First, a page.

2014 MLB Draft: White Sox select Jace Fry, LHP, with 77th pick


Apr 23, 2014; Pittsburgh, PA, USA; MLB baseballs sit on a Cincinnati Reds bag before the game against the Pittsburgh Pirates at PNC Park. Mandatory Credit: Charles LeClaire-USA TODAY Sports

On the second day of the 2014 MLB First-Year Player Draft the Chicago White Sox selected left-handed pitcher Jace Fry with the 77th overall selection, the third pick of the third round.

Fry, a junior out of Oregon State, had Tommy John surgery in 2012, but as his MLB.com scouting report states, ha is “showing no ill effects.”

His scouting report also says about his pitching:

"“Fry uses deception and pitchability to allow his average stuff to play up. His fastball will top out in the low 90s, but it has a good amount of sink and tail to it. He’ll add and subtract from his curveball to give hitters different looks, and his changeup often features good sink. He attacks hitters well, though he can get into trouble when he doesn’t keep his stuff down in the zone.”"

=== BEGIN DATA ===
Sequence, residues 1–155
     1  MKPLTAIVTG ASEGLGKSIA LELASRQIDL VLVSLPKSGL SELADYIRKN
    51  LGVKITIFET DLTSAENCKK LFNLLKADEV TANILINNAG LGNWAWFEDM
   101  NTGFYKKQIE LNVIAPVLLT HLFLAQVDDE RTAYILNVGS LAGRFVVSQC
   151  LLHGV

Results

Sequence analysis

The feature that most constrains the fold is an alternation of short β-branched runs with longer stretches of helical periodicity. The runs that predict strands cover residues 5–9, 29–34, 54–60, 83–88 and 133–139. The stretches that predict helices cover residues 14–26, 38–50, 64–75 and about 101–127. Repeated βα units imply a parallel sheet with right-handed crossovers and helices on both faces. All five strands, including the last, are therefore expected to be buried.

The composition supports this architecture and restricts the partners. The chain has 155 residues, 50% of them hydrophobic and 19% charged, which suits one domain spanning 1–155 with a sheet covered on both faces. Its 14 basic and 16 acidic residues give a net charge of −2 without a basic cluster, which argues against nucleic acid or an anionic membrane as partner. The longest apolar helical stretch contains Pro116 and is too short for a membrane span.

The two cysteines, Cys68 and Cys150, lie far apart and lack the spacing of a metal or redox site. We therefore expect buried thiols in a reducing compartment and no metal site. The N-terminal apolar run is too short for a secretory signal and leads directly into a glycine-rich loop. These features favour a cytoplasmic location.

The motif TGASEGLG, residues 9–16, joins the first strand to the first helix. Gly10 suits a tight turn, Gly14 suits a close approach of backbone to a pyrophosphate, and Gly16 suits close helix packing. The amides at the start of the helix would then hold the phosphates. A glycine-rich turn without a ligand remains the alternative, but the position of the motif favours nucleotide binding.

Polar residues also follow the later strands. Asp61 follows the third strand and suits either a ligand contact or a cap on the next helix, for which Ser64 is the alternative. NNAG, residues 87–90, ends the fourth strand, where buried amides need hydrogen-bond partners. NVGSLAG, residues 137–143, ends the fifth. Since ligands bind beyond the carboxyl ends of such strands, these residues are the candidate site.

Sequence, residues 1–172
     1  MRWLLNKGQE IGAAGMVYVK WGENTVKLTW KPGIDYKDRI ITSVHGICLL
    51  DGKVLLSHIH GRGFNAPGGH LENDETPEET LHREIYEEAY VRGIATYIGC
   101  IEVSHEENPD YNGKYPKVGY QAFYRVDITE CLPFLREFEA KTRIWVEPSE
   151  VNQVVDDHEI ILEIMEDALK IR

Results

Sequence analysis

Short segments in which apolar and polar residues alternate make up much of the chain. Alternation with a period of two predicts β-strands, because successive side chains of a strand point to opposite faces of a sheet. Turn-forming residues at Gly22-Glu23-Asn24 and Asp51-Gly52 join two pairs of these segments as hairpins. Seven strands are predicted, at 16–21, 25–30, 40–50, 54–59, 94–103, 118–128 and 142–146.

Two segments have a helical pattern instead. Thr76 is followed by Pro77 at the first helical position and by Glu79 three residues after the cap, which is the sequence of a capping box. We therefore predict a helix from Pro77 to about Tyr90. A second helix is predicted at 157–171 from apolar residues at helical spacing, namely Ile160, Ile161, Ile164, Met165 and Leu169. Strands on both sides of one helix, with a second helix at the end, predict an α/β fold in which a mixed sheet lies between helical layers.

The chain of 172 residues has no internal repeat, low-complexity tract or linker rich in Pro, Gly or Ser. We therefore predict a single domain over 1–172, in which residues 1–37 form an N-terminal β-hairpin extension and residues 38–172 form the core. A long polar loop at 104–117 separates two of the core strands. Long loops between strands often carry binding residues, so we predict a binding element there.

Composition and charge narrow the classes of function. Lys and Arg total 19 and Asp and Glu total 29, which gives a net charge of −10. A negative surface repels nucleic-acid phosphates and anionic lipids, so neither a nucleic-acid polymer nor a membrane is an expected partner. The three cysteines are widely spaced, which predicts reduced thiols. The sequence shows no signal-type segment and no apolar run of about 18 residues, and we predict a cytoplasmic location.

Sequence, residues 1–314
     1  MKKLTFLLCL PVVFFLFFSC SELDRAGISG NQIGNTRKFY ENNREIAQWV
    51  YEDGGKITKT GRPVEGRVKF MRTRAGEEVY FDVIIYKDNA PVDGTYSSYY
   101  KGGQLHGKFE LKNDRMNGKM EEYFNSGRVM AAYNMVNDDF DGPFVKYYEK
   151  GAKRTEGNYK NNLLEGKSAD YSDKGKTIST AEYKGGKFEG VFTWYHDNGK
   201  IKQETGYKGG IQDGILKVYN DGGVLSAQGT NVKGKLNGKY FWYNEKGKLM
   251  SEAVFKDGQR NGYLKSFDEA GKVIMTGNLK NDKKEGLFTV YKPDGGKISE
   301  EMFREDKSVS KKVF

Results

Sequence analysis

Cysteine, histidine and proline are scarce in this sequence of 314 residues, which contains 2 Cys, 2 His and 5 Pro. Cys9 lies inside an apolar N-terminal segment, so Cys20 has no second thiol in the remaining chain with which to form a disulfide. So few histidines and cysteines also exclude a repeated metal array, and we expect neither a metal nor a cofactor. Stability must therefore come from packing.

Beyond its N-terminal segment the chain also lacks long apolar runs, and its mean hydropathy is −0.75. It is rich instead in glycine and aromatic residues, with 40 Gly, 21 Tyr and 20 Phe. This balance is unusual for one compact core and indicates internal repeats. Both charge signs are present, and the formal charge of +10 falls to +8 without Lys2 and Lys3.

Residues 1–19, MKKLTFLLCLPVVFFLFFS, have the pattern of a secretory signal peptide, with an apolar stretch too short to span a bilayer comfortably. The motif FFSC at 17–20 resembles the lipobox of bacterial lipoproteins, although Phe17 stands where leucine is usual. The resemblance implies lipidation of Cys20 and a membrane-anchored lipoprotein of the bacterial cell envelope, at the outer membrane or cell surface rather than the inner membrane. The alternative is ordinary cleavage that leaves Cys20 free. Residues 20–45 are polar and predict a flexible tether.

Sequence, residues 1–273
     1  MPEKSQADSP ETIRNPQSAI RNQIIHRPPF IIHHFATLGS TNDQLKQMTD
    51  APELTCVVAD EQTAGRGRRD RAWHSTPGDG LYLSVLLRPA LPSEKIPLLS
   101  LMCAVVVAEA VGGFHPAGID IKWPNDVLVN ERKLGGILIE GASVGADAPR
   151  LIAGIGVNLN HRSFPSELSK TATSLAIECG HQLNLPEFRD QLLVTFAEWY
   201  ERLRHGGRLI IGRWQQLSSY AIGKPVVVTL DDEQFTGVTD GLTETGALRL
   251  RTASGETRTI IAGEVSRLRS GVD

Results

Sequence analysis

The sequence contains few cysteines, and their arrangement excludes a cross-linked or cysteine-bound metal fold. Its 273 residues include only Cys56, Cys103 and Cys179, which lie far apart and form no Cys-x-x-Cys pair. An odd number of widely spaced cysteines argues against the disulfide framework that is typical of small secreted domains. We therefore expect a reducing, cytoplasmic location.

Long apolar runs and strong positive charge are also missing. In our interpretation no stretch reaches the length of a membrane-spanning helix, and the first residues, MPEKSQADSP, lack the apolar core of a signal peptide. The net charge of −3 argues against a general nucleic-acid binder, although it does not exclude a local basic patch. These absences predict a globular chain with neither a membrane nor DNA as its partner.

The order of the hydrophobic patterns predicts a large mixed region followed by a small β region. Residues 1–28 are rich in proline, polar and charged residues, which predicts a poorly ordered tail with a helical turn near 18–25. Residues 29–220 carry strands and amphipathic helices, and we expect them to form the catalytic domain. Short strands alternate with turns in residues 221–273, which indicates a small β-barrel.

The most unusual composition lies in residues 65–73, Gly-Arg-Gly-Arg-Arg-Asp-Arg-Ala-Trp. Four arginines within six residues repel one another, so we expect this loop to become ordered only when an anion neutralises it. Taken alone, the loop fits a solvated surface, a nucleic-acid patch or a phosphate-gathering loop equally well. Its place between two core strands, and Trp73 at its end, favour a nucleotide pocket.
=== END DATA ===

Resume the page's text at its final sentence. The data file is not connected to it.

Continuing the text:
Fry (6-1, 200 pounds) was previously drafted in 2011 in the ninth round by the Oakland Athletics.

This season with the Beavers, Fry was 11-2 with a 1.80 ERA in 16 starts. He pitched four complete games and his innings count reached 120.1 total on the season.

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On the season he held his opponents to a .196 batting average.

The Oregonian wrote the following on Fry:

"“He threw a no-hitter against Northern Illinois this season … In three seasons with the Beavers, Fry, a 2014 All-American, has a 16-6 record and 2.16 ERA. Opponents are hitting .205 against him and he has struck out 153 in 216 1/3 innings over 35 games, 29 of which have been starts.”"

This pick intrigues me for the fact he has had Tommy John surgery already once before he’s even reached the Majors, but if he does continue to stay healthy, Fry could be in the White Sox rotation, or possibly in the bullpen.

He also throws a fastball in the low 90s, but has deception, so that could be fun to watch as well.

If can end up in either one of those spots on the roster, the White Sox could eventually use him in either of those roles.